While sports participation, including football, is a safe and enjoyable activity for the vast majority of individuals it can be potentially harmful for some people. There are a number of cardiac conditions that can predispose people to sudden cardiac arrest (SCA) and sudden cardiac death (SCD). These are frequently asymptomatic and as a result not identified in the athlete. In addition, secondary factors associated with sports activity such as electrolyte disturbances (particularly hypokalaemia and hypomagnesaemia), drug abuse, (over) activity of the autonomic nervous system and psychosocial factors which may trigger sudden cardiac arrest (SCA) or even sudden cardiac death (SCD) need to be considered.

(16 part course)


The majority of athletes presenting to a sports medicine clinic have a musculoskeletal condition. While this is typically related to trauma, a reasonable percentage of these patients have pain that is related to either an inflammatory condition or another medical problem. It is not uncommon for patients to relate their pain to an injury.

(10 part course)

Sudden Cardiac Arrest

Sudden Cardiac Arrest (SCA) is the leading cause of sudden death in footballers on the field-of-play (FoP). It is typically the result of an undiagnosed structural or electrical cardiovascular disease. The infrequent yet regular occurrence of SCA during football can often be prevented through cardiovascular screening, and if necessary, effectively treated by immediate cardiopulmonary resuscitation (CPR) and automated external defibrillator (AED) use.  

(13 part course)

Squad Care

Touchline Care

There are a variety of relatively minor complaints that commonly occur on the touchline – or present in the dressing room – which are not considered in the other modules in this course. These conditions include the management of blisters, muscle cramps and minor bleeding. While quite minor, each of these problems can cause significant morbidity and prevent a player from reaching their potential or participating in the game they love.

(11 part course)

General Emergency

Significant medical and orthopaedic emergencies are relatively rare in a football environment. They do, however, occur and clinicians and event organisers must be prepared to manage these conditions. An awareness of the more common conditions and a plan to manage these appropriately is essential.

(11 part course)


Football is a global game. As a result, it is played in a wide range of environmental conditions. These factors can both affect a player’s performance and make them more likely to become unwell. This module will focus on four common environmental factors and how they may impact on football. These factors relate to extremes of temperature (both hot and cold), altitude and lightning.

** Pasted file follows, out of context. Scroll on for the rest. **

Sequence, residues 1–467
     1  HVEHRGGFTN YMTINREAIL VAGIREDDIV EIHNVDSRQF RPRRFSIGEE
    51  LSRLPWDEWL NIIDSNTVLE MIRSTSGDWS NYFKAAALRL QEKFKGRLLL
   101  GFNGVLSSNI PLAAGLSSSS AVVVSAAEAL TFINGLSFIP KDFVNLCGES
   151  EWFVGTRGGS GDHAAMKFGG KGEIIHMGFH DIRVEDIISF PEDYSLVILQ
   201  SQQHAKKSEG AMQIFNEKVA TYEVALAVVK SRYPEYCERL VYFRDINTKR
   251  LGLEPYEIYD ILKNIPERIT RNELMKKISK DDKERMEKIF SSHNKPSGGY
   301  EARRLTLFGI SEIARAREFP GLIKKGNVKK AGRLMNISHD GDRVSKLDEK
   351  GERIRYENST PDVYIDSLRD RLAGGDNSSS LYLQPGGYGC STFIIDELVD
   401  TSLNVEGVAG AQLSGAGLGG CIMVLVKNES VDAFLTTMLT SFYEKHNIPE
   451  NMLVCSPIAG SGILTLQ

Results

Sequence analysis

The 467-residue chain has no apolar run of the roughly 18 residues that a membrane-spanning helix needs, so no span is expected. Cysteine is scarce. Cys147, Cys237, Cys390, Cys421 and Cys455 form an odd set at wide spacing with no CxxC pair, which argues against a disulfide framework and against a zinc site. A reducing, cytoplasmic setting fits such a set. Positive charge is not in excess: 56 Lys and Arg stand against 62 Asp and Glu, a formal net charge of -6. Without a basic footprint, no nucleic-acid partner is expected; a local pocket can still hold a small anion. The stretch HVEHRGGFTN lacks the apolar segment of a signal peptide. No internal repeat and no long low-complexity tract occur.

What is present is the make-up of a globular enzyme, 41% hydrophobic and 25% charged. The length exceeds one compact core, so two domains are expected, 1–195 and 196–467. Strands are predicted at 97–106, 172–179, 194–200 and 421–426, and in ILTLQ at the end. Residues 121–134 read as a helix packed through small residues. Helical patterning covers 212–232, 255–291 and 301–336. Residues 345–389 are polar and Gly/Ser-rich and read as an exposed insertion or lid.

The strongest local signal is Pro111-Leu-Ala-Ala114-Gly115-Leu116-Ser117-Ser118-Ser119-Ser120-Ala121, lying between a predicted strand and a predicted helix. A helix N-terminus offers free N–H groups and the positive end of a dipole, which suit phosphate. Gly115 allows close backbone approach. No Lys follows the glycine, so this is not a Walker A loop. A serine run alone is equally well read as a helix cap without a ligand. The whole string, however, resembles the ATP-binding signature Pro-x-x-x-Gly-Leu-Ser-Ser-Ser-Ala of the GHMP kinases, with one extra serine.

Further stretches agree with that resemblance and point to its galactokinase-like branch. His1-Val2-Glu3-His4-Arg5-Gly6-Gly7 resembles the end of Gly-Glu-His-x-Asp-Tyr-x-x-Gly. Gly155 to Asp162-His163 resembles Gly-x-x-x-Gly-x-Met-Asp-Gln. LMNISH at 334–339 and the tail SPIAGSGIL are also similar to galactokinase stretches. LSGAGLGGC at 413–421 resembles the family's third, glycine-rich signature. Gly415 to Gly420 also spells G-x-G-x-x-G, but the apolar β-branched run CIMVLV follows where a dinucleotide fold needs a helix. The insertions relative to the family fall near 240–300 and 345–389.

(11 part course)


Radiology plays an important role in the investigation of many sports medicine injuries. The most widely ordered studies include X-rays and ultrasound scans. X-rays are the simplest modality for defining bony injuries, while ultrasound enables assessment of many soft-tissue structures including muscles, tendons and ligaments. In general terms, these investigations are complementary and an ultrasound scan should not be ordered in isolation. 

(11 part course)

Injury Prevention

Football is the most widely played sport in the world, with over 265 million men and women participating in the sport. Injuries in football are unfortunately exceedingly common. They occur more frequently in younger players, with 80% of injuries occurring in players under the age of 24 and 44% of injuries occurring in players under the age of 15.

(13 part course)


The foods and drinks that a player chooses in training and competition will affect performance. All players need to be aware of their personal nutritional goals and of how they can select an eating strategy to meet those goals. Every player is different, and there is no single diet that meets the needs of all players at all times. Individual needs also change across the season and players must be flexible to accommodate this.

(11 part course)

Medical Bag

Medical support staff (usually doctors, physiotherapists and athletic trainers) at all levels of the game of football need to be prepared to manage a range of medical and musculoskeletal complaints. To do this they need to be equipped with adequate equipment including diagnostic, treatment and communication aides. These need to be readily accessible to allow the identification and management of medical conditions that may arise on or around the football field or when travelling with a team.

(13 part course)

Event Planning

All football tournaments, like the FIFA World Cup™, require a large amount of planning and preparation. In addition to the hundreds of elite athletes involved in these events, there are also hundreds of support staff and thousands of supporters. Each of these groups present unique challenges regarding the effective and efficient provision of medical services.

(15 part course)

Team Travel

One of the challenges of modern football and the international game is the need to play in different cities and countries around the world and in different time zones. There is also the matter of providing medical care for athletes in a new and foreign environment. To be able to do this effectively requires careful planning.

(12 part course)


Before players start participating in any sport, they should be medically examined to ensure that they are sufficiently healthy to cope with the demands of training and playing. Therefore, medical assessments aimed at risk factor and disease detection are generally advocated by physicians and sports organisations. The aims of the pre-competition assessment are to prevent harm and to identify potentially significant medical conditions that might make playing football dangerous. 

(11 part course)


FIFA has zero tolerance to doping and is committed to ensuring that football is clean. FIFA wants to uphold the values of fair play, to protect the health of players and the image of the sport as well as comply with the domestic laws of the host country during the transportation of medical supplies across borders. In football, approximately 30,000 tests are conducted annually with only 0.3% of them being positive cases. More than 85% of these cases are due to ingestion of supplements tainted with banned substances or party drugs. 

(14 part course)